Navigating the Juggling Act of Life & Being a Life-long Learner with Jen Mott

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“It’s never too late to learn.” – Jen Mott, Ed.D.

Have you ever had a conversation with a circus performer? I have! I spoke with Jen Mott, teacher and professional juggler, among other talents.

Jen is a diligent life-long learner and champion for channeling the inner child. We discuss:

  • Embracing the student mindset in life and business
  • The power of adding “yet” to sentences
  • Benefits of the student/learner mindset

Embracing the student mindset in life and business

Embracing the student mindset in life and business

An end-all-be-all state of knowledge and competence does not exist—there’s always more to learn, earn, and discover. 

That fact can feel daunting. Or, we can choose to embrace the mindset of discovery and lean into curiosities. The possibility that there’s always more to learn can become exciting instead of intimidating.

“I think we all have a lot to offer to the world.” Jen shares. 

Letting ourselves explore facets of our personalities and interests takes courage, but the results are always worth it. Jen tried to keep her circus life separate from her teaching life at first, fearing the students would not take her seriously. 

“As I grew into myself, and who I was, and learned, and was encouraged by others to not hide that [her performing], and that it’s actually an advantage, and is a memorable trait,” Jen continues, “it's something that I can show students—you can have different lives, you can have different interests, and they all make up who you are.” 

Jen has even incorporated her circus talents into her keynotes. Through audience participation, she guides people to unlock their potential. Participants attempt feats they never thought would be possible for them.  

“It's really important for us as adults to take the mindset of a student and as a learner, and remember what it's like to learn something new, and remind ourselves of what we're capable of because we brush ourselves off a little too frequently,” Jen explains.

We’re excellent at coming up with reasons to not do something when we’re afraid or unfamiliar with an experience—the truth is we are much more capable than we lead ourselves to believe.

The power of adding “yet” to sentences

The power of adding yet to sentences

We limit ourselves by worrying about not being ready for XYZ. The truth is, the only way to be ready for something is by doing it and finding out where you’re at.

“How much are we missing out on by not saying yes to different opportunities?” Jen poses, “What is that thing that you’re putting a limitation on?” 

Telling ourselves that we don't have the time, money, space, or the capacity to try new things or invest in our curiosities cripples our potential. If it's something that you want to do and have a passion for, you can work at changing your mindset to one that supports the development of new capabilities. 

“It's an incredible joy to see people in the space of workshops or speaking engagements where I get to have them try something, and they do it within 20 minutes.” Jen shares, “they're learning it or they're doing it, and seeing them smile and realize ‘wow, you know what, I have lost this hobby of mine and now I want to get back into it.’’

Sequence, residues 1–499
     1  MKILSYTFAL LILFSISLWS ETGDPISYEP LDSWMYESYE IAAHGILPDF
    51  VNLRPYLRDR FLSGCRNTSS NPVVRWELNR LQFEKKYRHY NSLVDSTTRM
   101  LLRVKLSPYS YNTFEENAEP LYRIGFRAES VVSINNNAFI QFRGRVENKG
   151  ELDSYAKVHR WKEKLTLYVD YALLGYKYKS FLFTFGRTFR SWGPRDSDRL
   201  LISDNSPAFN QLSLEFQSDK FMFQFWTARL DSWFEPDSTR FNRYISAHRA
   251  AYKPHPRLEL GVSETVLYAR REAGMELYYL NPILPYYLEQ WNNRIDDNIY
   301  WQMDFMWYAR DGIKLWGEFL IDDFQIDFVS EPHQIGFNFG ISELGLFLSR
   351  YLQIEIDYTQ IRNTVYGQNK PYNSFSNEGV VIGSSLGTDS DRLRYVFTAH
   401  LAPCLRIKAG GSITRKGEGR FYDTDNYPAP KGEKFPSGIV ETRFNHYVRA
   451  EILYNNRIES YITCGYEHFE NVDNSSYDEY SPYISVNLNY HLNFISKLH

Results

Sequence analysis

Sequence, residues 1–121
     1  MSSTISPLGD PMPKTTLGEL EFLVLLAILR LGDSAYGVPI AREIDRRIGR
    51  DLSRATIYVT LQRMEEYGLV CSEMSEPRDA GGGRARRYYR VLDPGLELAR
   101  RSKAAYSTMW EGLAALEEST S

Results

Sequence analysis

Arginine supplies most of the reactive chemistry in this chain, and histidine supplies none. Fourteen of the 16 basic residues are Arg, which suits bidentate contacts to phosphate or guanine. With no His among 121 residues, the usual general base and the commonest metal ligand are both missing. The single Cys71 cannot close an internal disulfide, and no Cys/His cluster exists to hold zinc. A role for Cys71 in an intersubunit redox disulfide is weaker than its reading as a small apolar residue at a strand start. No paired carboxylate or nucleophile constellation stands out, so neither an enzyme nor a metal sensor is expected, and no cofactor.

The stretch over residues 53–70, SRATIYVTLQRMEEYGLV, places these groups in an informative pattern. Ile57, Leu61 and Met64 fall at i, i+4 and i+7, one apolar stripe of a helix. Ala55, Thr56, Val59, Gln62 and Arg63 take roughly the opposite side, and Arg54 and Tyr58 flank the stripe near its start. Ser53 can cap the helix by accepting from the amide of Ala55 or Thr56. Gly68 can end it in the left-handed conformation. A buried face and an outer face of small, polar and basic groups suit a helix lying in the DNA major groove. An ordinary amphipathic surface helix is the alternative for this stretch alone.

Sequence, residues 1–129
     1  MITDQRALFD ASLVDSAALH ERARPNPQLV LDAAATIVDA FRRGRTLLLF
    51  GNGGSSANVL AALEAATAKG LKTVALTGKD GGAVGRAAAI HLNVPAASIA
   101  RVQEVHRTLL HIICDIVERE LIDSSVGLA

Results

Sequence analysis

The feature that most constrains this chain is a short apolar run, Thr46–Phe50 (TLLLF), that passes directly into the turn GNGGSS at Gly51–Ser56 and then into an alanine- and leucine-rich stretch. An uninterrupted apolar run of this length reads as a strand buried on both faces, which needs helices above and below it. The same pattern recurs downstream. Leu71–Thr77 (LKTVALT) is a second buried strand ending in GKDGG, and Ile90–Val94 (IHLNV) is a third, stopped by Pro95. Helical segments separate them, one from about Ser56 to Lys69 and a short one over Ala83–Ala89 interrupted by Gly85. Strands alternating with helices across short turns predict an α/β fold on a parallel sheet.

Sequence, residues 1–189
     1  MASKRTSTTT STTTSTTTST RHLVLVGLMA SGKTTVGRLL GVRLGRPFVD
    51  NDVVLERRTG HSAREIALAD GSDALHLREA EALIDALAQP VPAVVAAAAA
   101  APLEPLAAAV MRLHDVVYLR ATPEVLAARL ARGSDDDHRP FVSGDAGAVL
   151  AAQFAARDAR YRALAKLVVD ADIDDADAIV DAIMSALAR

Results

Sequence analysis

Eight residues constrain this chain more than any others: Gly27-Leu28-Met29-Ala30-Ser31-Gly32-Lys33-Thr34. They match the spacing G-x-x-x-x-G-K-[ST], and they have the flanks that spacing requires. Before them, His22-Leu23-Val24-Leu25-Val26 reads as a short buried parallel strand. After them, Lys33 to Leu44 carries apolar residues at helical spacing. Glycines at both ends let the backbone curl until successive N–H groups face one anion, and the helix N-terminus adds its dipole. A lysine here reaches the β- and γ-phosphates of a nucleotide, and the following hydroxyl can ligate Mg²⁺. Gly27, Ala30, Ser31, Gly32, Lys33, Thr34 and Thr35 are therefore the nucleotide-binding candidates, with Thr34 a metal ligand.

This mindset banks into the power of yet. I can’t do that yet. I don’t have the resources yet. Adding yet to sentences reframes the goal in our minds and motivates us to move forward, to revisit old passions and pursuits.

“I love encouraging others and joining them in that space of confusion or chaos or doubt. And being able to say, ‘you can do it, you just don't have the right tools yet.'” Jen explains.

Benefits of the student/learner mindset

Benefits of the student/learner mindset

Being a life-long learner and adopting the student mindset leads to opportunities you may never have considered.

Jen uses this mindset during her talks by recruiting audience members ahead of time and teaching them how to juggle, eat fire, and make balloon animals. During her presentation, she invites them to the stage.

“They [the audience] weren't just looking at me, the entertainer and speaker. They were looking at their own people, the people they work closest with.” Jen explains, “And they were up there demonstrating the talents they have learned over the last few weeks.”

It’s one thing to see a professional juggling flaming clubs, it’s another to see your coworker up there next to them doing it, too. It’s a reminder that anyone can reach out of their comfort zone and learn something new.

“That unlocking of their learning and other abilities is so amazing because then they think about the takeaways in their workplace.” Jen continues.

Keeping a student mindset opens up our perspective, and we can apply that to projects in the workplace, problems at home, or any number of tricky situations. A fresh view allows us to revisit them because we’ve opened up our capabilities.

In more specific terms, this type of activity triggers the Zone of Proximal Development —ZPD. Jen creates something that is a bit beyond the audience's comfort zone, without making it too difficult to figure out, within a structure that they can learn with her guidance—and from there, discover how to do something they thought was impossible for them to learn.

What have you been holding yourself back from? What limitations are you putting on yourself? Uncap your potential by cultivating the student mindset. You never know where it may take you!

Be sure to check out Jen’s full episode for more circus life lessons, and learn more about Jen on LinkedIn and her Cincinnati Circus profile.